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Despite stalled growth in China, Brazil and Russia, a wave of newly middle-class travelers from the BRICs and beyond will start visiting international destinations in the coming decades — dwarfing the numbers we’ve seen thus far.
Even if the two companies come to a decision, it will take years before the actual “merger” happens, following regulatory clearances and then systems, operational, and employee integration.
American Airlines parent AMR Corp. and US Airways Group Inc. are moving closer to a possible merger, and a decision could come early next month, people familiar with the matter said.
Teams from each carrier are discussing how to combine departments, including personnel, compensation and severance, said the people, who asked not to be identified because details are private. AMR’s board will meet Jan. 9 to decide whether to go ahead, with an announcement possible within days, said the people. The talks may yet be scuttled or delayed, they said.
The push follows AMR’s efforts to reorganize in bankruptcy before a merger and US Airways’s quest to lead a takeover that would create the world’s largest airline. The chief unresolved issues pending with AMR’s unsecured creditors committee, which must approve any exit plan, are how to divide the equity in a new company and who would run it, three people said.
US Airways President Scott Kirby and Denise Lynn, senior vice president for people at American, have been involved in talks with pilots from each carrier, along with Jack Butler, the attorney for the creditors’ panel, two people said.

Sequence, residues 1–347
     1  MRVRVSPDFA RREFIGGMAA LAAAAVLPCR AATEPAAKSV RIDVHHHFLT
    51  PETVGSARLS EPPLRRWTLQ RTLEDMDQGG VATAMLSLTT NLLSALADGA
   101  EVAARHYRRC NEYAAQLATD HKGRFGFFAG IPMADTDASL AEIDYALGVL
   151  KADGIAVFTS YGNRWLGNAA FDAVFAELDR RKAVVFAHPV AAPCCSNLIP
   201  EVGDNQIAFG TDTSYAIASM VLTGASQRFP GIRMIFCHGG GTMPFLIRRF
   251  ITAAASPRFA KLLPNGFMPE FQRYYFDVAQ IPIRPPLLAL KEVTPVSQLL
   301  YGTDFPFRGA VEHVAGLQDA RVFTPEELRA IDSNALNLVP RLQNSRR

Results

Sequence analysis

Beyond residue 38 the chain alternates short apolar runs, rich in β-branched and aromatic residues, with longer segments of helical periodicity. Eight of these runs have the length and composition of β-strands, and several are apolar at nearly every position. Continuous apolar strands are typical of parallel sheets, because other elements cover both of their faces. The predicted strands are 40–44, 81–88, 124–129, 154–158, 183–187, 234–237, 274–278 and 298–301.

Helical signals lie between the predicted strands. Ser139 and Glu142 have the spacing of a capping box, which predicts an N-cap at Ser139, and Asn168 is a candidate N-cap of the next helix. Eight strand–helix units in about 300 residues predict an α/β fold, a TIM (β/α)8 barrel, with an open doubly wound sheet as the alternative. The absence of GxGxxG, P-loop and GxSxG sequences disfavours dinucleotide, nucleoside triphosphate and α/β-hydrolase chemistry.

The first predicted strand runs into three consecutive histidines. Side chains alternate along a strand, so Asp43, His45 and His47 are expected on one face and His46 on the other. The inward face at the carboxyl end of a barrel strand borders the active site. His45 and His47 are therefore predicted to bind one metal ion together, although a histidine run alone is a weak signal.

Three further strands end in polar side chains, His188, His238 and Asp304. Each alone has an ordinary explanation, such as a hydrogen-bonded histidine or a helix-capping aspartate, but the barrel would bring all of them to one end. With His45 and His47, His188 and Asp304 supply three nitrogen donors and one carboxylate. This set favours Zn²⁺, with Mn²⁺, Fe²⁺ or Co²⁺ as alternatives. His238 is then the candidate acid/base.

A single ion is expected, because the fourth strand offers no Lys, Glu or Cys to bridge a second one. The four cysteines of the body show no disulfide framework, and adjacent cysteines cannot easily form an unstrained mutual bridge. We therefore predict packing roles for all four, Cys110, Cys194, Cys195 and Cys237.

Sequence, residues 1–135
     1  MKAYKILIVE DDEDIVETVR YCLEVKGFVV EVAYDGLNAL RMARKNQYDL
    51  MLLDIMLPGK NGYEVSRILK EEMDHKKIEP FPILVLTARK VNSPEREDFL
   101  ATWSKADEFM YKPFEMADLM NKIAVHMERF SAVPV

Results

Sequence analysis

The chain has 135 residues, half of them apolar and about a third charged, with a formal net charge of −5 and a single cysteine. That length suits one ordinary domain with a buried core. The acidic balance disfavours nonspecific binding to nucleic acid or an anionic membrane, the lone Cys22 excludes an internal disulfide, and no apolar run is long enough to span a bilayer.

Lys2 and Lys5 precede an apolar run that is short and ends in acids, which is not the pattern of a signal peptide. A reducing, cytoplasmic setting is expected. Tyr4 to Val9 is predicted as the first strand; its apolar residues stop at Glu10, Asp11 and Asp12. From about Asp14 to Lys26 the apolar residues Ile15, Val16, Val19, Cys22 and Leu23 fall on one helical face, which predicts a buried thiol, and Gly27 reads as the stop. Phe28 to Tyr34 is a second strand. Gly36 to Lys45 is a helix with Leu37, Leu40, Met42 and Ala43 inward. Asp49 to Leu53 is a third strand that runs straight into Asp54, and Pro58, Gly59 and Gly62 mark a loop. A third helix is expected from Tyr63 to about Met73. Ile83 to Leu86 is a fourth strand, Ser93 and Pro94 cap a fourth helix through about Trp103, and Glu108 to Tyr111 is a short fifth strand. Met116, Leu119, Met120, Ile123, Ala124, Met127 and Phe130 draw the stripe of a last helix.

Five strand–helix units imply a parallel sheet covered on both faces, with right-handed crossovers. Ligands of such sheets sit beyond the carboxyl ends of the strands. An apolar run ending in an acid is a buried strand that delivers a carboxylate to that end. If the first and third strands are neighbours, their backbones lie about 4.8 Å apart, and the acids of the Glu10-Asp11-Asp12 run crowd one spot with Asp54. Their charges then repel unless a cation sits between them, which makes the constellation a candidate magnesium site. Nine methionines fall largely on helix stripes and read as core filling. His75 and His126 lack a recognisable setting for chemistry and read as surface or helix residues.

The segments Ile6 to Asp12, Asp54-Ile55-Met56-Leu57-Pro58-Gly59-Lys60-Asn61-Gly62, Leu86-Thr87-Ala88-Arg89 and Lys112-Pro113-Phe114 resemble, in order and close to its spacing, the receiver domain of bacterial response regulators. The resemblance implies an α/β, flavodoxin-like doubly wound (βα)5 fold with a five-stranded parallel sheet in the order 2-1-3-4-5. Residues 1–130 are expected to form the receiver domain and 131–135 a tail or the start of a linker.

An agreement may be completed this week on work rules for each pilot group until a joint contract is negotiated with a merged carrier, one person said. Kirby is leading the merger analysis for US Airways Chief Executive Officer Doug Parker, people familiar with his role have said.
AMR is “actively taking part in ongoing discussions” with its pilots, US Airways and the smaller airline’s pilots, Michael Trevino, a spokesman, said in an e-mailed response to questions about department-level planning, the board and a possible merger announcement by the Fort Worth, Texas-based carrier.
US Airways declined to comment about meetings with AMR, said Todd Lehmacher, a spokesman for the Tempe, Arizona-based airline.
AMR CEO Tom Horton has said the company’s future should be resolved “soon,” after completing contract changes that provided $1.06 billion in labor savings, and that he hasn’t ruled out a merger. In the past he backed a stand-alone bankruptcy exit, with tie-ups to be considered after that.
He met last week with the Allied Pilots Association board to discuss AMR’s progress in bankruptcy and plans for the future that include adding about 550 new jets to replace aging planes and increasing international service to attract more business fliers.
After becoming CEO when AMR filed for bankruptcy on Nov. 29, 2011, Horton focused first on the idea of remaining independent. US Airways began pursuing a merger in January and said in April that its bid was backed by unions for American’s pilots, flight attendants and mechanics and baggage handlers.
A combination of American, the third-biggest U.S. carrier, and No. 5 US Airways would surpass United Continental Holdings Inc. as the world’s largest airline, based on passenger traffic.
The case is in re AMR Corp., 11-15463, U.S. Bankruptcy Court, Southern District of New York (Manhattan).
–With assistance from David McLaughlin in New York. Editors: Ed Dufner, Elizabeth Wollman
To contact the reporters on this story: Mary Schlangenstein in Dallas at firstname.lastname@example.org; Jeffrey McCracken at email@example.com; Beth Jinks in New York at firstname.lastname@example.org. To contact the editor responsible for this story: Ed Dufner at email@example.com; Jeffrey McCracken at firstname.lastname@example.org.